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Gallium Nitrate to Reenter Hypercalcemia Market

Cheryl A. Thompson

Genta Inc. announced last week that the Food and Drug Administration (FDA) had approved the company's plan to make gallium nitrate injection, or Ganite, widely available in the United States for the first time since the hypercalcemia treatment left the market several years ago.

By inhibiting the resorption of calcium by osteoclasts in growing bone, gallium nitrate reduces the amount of calcium in the blood.

According to the product's FDA-approved labeling (PDF), gallium nitrate is used to treat cancer-related hypercalcemia that is symptomatic and unresponsive to adequate hydration. Symptoms of hypercalcemia include anorexia, fatigue, and impaired mental status and would not be expected in patients with a serum calcium concentration of less than 12 mg/dL.

The product's labeling recommends a five-day regimen of gallium nitrate 200 mg per square meter of body surface area administered each day by intravenous infusion over 24 hours. Each dose should be diluted in 1,000 mL of fluid. The daily dose should be decreased by half in patients with mild hypercalcemia and few symptoms. Regardless of the initial degree of hypercalcemia, treatment with gallium nitrate may stop once a patient's calcium concentration reaches the normal range, even if this occurs before the regimen has been completely administered.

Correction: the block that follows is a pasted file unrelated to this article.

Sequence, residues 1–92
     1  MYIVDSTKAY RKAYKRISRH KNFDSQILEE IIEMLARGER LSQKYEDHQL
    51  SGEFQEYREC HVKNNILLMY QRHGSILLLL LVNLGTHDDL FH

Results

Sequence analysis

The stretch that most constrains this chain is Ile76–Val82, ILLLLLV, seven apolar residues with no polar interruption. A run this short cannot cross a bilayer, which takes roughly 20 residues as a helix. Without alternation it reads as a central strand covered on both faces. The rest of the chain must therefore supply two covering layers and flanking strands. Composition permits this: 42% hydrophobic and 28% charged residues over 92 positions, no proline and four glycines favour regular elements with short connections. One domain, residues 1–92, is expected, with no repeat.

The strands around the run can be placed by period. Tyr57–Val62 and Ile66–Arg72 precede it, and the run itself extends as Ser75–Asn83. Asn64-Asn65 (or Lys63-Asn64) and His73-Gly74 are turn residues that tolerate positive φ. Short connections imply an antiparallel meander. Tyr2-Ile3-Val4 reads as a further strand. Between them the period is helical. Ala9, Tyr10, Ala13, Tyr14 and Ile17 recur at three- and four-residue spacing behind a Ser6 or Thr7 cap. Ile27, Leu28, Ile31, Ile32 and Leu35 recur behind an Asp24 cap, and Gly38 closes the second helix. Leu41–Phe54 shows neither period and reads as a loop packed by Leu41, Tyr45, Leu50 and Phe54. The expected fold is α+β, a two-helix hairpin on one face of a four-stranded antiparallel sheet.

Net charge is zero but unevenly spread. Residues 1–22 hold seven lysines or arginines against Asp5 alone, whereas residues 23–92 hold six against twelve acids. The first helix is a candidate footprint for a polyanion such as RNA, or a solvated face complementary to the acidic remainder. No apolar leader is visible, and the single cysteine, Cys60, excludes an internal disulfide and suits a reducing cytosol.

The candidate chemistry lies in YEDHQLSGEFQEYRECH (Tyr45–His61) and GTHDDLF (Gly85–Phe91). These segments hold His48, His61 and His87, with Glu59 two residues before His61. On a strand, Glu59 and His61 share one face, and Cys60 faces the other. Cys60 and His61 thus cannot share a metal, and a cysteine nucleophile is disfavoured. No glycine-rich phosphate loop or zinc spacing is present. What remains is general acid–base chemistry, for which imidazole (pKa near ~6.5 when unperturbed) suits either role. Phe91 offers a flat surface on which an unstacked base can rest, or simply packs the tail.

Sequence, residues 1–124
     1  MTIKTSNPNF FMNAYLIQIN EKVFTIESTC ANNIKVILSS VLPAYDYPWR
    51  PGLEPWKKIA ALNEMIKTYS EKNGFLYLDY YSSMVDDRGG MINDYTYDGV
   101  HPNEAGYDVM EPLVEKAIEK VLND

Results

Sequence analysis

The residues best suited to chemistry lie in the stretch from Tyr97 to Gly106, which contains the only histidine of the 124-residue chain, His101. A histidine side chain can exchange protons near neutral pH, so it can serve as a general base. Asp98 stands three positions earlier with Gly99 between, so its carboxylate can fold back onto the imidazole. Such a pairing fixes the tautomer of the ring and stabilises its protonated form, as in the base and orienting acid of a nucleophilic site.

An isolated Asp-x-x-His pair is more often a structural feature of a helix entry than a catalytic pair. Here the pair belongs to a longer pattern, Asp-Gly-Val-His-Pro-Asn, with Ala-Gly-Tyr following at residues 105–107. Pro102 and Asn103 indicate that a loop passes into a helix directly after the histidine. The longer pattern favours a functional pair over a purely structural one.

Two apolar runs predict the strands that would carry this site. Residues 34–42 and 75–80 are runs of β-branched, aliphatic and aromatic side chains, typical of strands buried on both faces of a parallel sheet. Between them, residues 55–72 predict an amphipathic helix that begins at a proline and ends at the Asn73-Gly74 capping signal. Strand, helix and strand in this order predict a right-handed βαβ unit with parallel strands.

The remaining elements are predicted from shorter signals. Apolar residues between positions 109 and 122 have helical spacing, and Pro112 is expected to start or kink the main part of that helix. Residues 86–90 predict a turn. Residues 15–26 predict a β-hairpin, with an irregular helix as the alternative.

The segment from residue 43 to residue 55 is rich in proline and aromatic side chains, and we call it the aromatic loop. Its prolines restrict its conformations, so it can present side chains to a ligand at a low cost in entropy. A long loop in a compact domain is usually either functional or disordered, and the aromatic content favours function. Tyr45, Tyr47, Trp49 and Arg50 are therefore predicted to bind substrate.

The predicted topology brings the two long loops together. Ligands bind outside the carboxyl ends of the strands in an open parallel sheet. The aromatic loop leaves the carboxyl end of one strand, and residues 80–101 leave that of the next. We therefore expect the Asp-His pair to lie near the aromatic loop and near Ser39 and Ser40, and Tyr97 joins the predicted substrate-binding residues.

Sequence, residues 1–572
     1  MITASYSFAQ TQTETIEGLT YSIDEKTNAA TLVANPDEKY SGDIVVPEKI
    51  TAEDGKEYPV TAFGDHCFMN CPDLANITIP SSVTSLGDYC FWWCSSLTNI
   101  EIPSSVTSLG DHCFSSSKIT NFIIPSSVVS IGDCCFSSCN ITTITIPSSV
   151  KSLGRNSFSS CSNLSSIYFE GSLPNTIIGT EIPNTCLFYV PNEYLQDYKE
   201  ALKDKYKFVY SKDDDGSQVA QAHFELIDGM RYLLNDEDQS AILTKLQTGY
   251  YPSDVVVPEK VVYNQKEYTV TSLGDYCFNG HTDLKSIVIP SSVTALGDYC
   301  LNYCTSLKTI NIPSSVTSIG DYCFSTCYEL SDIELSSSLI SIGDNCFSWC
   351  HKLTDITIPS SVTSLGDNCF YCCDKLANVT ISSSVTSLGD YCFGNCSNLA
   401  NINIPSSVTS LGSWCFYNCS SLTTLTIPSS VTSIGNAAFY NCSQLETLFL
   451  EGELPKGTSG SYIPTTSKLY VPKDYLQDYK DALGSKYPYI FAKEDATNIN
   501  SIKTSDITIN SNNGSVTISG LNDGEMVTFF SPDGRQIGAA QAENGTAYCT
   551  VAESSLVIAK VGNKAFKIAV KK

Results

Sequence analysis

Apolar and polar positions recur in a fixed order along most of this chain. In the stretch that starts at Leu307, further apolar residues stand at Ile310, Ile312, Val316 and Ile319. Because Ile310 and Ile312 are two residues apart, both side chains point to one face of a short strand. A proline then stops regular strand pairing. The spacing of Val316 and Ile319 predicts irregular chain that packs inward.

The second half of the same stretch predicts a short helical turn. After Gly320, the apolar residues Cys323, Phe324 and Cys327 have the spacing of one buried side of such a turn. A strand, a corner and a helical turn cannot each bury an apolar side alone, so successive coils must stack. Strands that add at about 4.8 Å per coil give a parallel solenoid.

Gallium nitrate must not be given to patients with severe renal impairment, which the labeling defines as a serum creatinine concentration of more than 2.5 mg/dL.

In addition to the contraindication on use of the agent in patients with severe renal impairment, gallium nitrate's labeling has a boxed warning advising against use when a patient must receive an aminoglycoside, amphotericin B, or another drug that may damage the kidneys. The labeling for gallium nitrate strongly recommends that clinicians monitor all patients' serum creatinine concentrations during therapy.

A company spokeswoman said the product, which will be supplied in cartons of five single-dose vials each containing 500 mg of gallium nitrate 25 mg/mL, would be available to pharmacies within the next few weeks.

Gallium nitrate injection is distinct from gallium citrate Ga 67 injection, a radiopharmaceutical used in the diagnosis of Hodgkin's disease, other lymphomas, and certain lung cancers.